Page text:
W3C home > Mailing lists > Public > www-style@w3.org > October 2011

Re: [css-shaders] subdivision for transparency

From: Dean Jackson <dino@apple.com>
Date: Tue, 04 Oct 2011 14:18:06 +1100
Cc: www-style list <www-style@w3.org>
Message-id: <B71E700A-2B29-4E3F-BE8B-96DCF9602B5B@apple.com>
To: Gregg Tavares <gman@google.com> (wrk)

On 04/10/2011, at 11:10 AM, Gregg Tavares (wrk) wrote:

> Looking at the CSS shader proposal I wonder what if any story there is about subdivision of polygons to correctly display content.
> 
> The current 3D CSS spec does not list subdivision as far as I know but Safari implemented it first and as the implied reference implementation it subdivides polygons where necessary. Chrome currently does not. 

It's unfortunate that the specification does not describe what to do here. In fact, that was deliberate at the time because we didn't know what was best. Safari originally did not subdivide the polygons, and still doesn't on OS X 10.5. The fact that we do now isn't really something we specify (even at a platform level)

> What do I mean? Well, in order to correctly display 2 or more semi-trasparent elements that intersect each other in 3d space it's necessary to subdivide the polygons that are used to draw the elements with so that the part of the elements that are behind others are drawn first, then the parts in front are drawn last.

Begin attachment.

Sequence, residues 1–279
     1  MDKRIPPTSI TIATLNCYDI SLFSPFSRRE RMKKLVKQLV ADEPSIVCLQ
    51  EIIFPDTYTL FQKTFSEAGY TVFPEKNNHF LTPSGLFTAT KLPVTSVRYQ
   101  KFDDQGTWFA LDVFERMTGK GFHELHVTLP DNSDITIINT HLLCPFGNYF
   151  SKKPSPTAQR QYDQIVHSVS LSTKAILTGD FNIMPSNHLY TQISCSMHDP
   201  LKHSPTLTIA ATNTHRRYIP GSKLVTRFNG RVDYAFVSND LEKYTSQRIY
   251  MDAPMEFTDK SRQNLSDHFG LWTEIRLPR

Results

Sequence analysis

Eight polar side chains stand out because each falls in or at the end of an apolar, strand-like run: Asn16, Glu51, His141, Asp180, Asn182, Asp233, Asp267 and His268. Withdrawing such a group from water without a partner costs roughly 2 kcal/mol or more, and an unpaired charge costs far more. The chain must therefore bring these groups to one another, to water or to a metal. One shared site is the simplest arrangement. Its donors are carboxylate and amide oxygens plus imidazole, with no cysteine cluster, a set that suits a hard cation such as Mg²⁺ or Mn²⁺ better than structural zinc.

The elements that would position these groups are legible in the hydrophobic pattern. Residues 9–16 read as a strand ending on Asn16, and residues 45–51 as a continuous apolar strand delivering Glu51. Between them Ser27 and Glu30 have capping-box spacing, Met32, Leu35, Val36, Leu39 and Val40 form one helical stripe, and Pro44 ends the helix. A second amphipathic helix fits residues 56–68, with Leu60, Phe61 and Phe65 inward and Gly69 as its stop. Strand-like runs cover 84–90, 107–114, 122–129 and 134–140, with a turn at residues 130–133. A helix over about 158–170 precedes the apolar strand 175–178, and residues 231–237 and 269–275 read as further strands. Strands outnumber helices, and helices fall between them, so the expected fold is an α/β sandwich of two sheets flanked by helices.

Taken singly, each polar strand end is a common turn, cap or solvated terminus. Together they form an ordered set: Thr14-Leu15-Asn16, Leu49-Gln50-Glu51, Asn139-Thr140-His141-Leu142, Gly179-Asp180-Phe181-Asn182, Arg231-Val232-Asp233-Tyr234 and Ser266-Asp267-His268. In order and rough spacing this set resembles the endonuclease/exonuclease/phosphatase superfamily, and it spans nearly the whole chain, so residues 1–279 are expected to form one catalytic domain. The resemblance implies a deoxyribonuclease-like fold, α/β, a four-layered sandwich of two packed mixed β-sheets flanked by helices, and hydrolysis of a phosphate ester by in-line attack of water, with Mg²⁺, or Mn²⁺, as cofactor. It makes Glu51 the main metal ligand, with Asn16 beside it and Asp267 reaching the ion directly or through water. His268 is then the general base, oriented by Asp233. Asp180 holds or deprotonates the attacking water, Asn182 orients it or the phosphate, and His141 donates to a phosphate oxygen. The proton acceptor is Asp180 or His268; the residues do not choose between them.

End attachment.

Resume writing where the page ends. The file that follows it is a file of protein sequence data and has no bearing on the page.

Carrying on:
> 
> Here are 2 screenshots. The first shows Safari which correctly subdivides the polygons. The second shows Chrome which currently does not.
> 
> <correct-3d-css-polygon-sorting-subdivisions-safari.png> <incorrect-3d-css-polygon-sorting-subdivisions-chrome.png>
> 
> Arguably Chrome should update its renderer to handle this case so that web developers can count on correct displaying of 3d css content.
> 
> 
> 
> But, that brings up the question, that's the sorting spec going to be for CSS shaders?

I'm not sure I understand the question completely. CSS filters (let's not call them shaders - that's just a proposed extension to the current draft) are always a 2d effect, even if they appear 3d. In other words, the effect might operate locally in a 3d or pseudo-3d environment, but the result is always composited in 2d onto a flat plane. Elements should sort the way they do for regular HTML (with CSS 3D transforms, which is probably less-than-well-defined). A filter does not make an element 3d.

Dean

> 
> 
> 
> ps: the live html/css is here
> http://greggman.com/downloads/examples/intersecting-elements-3d-css.html
> 
> pps: if you care about Chrome status on this issue you can follow it here
> 
> 
Received on Tuesday, 4 October 2011 03:18:42 GMT

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